On Oct. 16, a statement posted by the Institute for New Testament Textual Research (Institut für Neutestamentliche Textforschung, INTF) revealed that two additional papyri connected to the Oxyrhynchus collection are in the hands of American collector Andrew Stimer. Stimer, an evangelical Christian, is part of the same general network as the Green Family and has been seen attending talks by Scott Carroll, who formerly oversaw and helped amass Hobby Lobby’s collection of papyri.
Stimer told the INTF that he bought the manuscripts in 2015 from Mr. M. Elder of Dearborn, Michigan. Mr. Elder, Stimer said, had purchased the papyri via a private sale brokered by Christie’s in April 2014. Apparently the consignor of the papyri was a relative of a now deceased Indiana industrialist named Rodman Pruitt. He claimed that he verified the provenance with Christie’s. If this much is accurate, this would appear to be the same Mahmoud Elder who in 2014 co-owned an Oxford-based antiquities trading company with Dirk Obbink called Castle Folio.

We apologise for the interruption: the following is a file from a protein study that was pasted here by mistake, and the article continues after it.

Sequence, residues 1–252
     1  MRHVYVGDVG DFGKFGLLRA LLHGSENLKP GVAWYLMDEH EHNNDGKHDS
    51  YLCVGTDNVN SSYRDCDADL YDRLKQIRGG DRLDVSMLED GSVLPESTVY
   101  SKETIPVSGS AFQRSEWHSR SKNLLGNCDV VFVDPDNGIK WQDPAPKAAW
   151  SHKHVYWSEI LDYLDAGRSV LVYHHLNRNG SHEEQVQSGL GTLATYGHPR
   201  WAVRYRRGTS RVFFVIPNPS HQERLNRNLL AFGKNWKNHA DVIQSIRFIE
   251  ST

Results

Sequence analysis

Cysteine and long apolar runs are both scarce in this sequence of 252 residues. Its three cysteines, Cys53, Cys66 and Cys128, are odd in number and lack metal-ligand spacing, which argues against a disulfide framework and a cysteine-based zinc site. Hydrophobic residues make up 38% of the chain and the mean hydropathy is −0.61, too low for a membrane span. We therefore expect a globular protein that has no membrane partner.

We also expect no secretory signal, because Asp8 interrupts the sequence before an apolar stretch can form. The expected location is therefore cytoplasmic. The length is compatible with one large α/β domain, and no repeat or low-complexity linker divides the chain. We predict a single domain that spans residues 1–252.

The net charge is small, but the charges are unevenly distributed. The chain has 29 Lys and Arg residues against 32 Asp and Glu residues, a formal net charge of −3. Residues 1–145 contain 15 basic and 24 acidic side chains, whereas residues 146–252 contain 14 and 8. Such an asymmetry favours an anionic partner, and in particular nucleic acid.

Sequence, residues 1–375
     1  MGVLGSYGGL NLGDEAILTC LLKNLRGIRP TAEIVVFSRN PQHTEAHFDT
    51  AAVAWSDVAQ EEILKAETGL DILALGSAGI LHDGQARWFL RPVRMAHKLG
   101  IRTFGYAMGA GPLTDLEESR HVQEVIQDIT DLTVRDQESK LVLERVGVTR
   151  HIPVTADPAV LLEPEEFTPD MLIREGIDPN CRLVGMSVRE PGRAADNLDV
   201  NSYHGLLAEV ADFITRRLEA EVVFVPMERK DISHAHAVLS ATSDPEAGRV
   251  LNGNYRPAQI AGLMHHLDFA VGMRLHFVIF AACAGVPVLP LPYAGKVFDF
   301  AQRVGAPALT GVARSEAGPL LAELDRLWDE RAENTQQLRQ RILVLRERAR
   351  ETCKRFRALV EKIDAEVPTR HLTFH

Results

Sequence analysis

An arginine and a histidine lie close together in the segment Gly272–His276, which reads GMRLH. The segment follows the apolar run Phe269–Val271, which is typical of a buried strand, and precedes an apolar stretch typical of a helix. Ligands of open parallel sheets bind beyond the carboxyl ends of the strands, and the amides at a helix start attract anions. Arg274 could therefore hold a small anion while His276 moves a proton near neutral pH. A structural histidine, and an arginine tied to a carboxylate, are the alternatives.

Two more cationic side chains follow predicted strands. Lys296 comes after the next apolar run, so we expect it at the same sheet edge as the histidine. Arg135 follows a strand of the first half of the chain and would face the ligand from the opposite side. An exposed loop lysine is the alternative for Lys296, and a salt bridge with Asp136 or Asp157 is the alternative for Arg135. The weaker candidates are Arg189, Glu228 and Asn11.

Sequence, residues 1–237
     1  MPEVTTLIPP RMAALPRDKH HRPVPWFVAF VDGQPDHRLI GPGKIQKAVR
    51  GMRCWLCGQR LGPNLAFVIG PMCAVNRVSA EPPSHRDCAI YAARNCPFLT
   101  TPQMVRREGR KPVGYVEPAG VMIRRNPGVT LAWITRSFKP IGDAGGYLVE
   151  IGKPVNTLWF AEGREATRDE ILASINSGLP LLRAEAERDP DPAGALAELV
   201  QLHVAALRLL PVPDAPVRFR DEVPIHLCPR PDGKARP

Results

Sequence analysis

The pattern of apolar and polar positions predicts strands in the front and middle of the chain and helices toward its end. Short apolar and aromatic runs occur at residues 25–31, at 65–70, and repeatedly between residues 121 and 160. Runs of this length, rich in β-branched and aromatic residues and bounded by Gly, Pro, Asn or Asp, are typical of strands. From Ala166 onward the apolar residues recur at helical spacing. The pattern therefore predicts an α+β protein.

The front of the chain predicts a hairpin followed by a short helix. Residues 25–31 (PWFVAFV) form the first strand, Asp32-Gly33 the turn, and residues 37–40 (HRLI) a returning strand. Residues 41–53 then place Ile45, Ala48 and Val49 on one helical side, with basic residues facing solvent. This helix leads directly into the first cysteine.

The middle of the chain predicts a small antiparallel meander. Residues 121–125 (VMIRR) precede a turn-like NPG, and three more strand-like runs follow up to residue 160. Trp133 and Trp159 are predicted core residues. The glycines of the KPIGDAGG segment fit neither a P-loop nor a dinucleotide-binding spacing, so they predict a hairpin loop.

When The Daily Beast contacted Christie’s for comment they told us that “Christie’s documentation from a private sale transaction of a group of Coptic papyrus fragments may have been used to verify, inappropriately, the provenance of two different papyrus fragments in a subsequent transaction in which Christie’s had no involvement.” In other words, the provenance was forged and documentation from Christie’s was fraudulently used to legitimize Stimer’s fragments. This, in turn raises the question, where, if he supplied the provenance, did Elder get the fraudulent documents?
This would not be the first time that a legitimate Christie’s sale has been used as cover for an illicit early Christian artifact. As Joel Baden and I revealed in our book Bible Nation the sale of a fragment of Galatians that appeared on eBay in 2012 and was purchased by the Green family was repeatedly justified on the basis that it had been sold at Christie’s. Christie’s told me that Christie’s will “co-operate closely with any official enquiries.”
Obbink did not immediately respond to inquiries from The Daily Beast but 18 months ago, in a brief response to emails, he stated that any story that he tried to sell a fragment of the Gospel of Mark to the Green family “is not true.”